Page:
Blogpost | 30 September 2021

Transparency in agricultural supply chains to rule out deforestation

Bild Ana Hupe

Europa on sale (2019). Global trade and financial flows have connected continents since colonization. (© Ana Hupe)
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Transparency in agricultural supply chains to rule out deforestation

How do European livestock farmers know whether forests have been cleared for the cultivation of soy in their feed? So far, feed manufacturers have pretended to be unable to take responsibility for their supply chains. Tracing back the origin of the soy through many intermediaries along the global supply chain was too difficult for them. In the future, however, an EU law could require companies to take responsibility for their global supply chains. Publishing information on measures against deforestation along the supply chain would then become mandatory for companies selling products in Europe.

Digital tool enables tracing back supply chains

Since 2016, the non-profit initiative TRASE has shed light on the origin of agricultural commodities consumed in Europe such as soy, beef, coffee and palm oil. These commodities contribute the most to the loss of forest cover worldwide. By linking trade data with satellite images of land use on the production site over the years, the bright minds behind TRASE have been able to prove whether forests have been cleared for the production of certain commodities. TRASE identifies commodities, regions and companies associated with the highest risk of deforestation and highlights where action needs to be taken to halt deforestation.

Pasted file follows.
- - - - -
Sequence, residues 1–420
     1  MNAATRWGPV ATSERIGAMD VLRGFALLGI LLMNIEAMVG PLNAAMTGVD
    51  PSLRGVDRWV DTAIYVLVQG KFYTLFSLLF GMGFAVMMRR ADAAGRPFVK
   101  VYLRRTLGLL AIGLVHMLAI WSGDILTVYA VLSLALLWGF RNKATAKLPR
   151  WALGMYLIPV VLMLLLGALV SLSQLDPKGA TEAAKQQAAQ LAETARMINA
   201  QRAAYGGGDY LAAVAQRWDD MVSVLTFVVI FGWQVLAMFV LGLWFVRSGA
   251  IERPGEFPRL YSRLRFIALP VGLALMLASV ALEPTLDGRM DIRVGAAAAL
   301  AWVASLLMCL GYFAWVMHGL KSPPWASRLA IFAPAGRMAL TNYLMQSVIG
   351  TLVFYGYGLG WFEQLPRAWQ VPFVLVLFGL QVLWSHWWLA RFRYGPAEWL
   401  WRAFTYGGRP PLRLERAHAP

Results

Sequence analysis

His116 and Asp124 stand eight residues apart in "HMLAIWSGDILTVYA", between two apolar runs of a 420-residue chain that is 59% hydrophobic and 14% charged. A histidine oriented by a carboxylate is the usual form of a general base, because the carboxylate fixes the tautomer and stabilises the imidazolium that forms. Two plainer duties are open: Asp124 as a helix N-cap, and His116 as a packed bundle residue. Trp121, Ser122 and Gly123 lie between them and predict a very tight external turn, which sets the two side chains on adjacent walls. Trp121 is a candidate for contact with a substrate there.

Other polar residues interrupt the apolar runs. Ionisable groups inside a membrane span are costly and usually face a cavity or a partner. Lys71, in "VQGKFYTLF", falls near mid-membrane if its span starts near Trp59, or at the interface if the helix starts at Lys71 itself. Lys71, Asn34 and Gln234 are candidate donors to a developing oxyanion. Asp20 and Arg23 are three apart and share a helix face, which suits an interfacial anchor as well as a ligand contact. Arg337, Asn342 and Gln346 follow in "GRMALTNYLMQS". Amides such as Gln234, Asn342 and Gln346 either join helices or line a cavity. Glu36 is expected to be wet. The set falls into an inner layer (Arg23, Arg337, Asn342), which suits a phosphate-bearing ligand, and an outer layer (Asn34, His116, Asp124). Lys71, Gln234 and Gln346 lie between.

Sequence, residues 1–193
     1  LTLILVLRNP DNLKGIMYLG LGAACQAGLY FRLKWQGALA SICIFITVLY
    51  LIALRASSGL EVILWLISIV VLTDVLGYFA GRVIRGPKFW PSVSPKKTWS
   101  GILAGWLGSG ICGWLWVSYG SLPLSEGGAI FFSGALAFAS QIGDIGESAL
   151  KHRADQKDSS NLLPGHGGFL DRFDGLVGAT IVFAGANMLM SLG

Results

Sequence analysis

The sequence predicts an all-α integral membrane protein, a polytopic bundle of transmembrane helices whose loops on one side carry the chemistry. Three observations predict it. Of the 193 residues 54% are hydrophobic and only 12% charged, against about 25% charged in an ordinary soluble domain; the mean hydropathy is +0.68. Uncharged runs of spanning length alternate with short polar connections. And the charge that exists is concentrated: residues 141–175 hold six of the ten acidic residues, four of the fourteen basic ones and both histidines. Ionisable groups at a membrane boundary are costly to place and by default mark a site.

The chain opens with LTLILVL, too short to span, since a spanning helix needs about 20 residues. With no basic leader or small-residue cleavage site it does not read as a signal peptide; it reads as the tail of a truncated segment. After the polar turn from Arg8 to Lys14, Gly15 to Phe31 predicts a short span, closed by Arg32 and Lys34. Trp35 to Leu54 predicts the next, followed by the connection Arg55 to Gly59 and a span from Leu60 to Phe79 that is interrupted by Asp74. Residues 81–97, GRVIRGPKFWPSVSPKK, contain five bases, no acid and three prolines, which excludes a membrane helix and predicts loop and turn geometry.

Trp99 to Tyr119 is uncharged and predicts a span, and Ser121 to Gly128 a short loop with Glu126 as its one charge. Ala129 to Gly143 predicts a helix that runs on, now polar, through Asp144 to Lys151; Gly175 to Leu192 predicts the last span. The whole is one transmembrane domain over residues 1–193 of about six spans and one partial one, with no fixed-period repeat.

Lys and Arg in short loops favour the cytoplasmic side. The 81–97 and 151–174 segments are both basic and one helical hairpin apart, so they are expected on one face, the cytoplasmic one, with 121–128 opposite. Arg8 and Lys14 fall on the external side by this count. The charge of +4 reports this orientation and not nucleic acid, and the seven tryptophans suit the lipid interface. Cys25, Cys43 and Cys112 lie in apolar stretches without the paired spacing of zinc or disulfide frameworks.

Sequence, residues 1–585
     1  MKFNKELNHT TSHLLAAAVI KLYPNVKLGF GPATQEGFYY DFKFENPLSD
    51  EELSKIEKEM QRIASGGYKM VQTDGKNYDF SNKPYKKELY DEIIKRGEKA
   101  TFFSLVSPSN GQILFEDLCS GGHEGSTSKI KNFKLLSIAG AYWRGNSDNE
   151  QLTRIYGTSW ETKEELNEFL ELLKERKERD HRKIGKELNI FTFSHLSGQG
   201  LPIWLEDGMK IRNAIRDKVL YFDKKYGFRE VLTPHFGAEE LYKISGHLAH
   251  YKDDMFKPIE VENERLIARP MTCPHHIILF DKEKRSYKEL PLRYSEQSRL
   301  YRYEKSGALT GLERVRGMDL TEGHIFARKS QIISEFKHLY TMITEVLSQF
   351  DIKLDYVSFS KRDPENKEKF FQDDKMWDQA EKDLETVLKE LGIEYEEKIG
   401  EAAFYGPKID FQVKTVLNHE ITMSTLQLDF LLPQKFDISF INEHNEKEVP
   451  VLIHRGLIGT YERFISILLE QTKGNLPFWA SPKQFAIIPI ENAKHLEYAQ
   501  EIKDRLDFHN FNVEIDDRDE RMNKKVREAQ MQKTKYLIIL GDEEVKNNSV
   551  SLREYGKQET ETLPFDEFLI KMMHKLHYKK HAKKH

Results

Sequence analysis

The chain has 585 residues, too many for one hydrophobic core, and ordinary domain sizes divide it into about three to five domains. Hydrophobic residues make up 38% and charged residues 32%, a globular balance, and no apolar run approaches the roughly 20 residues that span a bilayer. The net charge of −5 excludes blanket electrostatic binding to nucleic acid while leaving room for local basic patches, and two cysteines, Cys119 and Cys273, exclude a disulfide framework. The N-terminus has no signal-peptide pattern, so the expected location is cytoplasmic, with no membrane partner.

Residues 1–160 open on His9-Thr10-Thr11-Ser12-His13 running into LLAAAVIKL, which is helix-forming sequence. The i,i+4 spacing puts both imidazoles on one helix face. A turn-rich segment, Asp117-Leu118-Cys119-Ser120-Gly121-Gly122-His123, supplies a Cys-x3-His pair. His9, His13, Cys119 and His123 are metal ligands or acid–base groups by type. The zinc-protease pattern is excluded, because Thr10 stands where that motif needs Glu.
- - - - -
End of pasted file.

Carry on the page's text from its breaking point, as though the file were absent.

Where does the data come from?

To identify stakeholders along a supply chain, TRASE uses publicly available and purchasable data. Data sources are governmental platforms, self-declarations from companies, and market research. Export declarations provide information on importing and exporting companies and also the country of purchase of the cargo. Since the price of a ton of soy is largely dependent on the transportation distance from the production site to the silo and the port, TRASE identifies the most likely supply chain by determining the shortest distance between port, silo and the production site.

Transparency increases the pressure on companies and governments to act

According to TRASE, nearly 3.9 million tons of soy from the Brazilian state of Mato Grosso were sold to the EU in 2018. Around one-fifth of that came from farms that illegally cleared land. Facts like these can feed debate and encourage feed manufacturers and food companies to adopt more sustainable trade practices. However, policy instruments are necessary to oblige companies to take responsibility for their supply chains. In addition to an EU supply chain law that holds companies accountable, national governance in producing countries that promotes sustainable production practices, guarantees the rights of indigenous peoples, and protects ecosystems is crucial. 

Katharina Brandt

More information on the TRASE transparency initiative:

The blog article was originally published in German in the WEITBLICK issue 2/2021


Senior Advisor – Agricultural Policy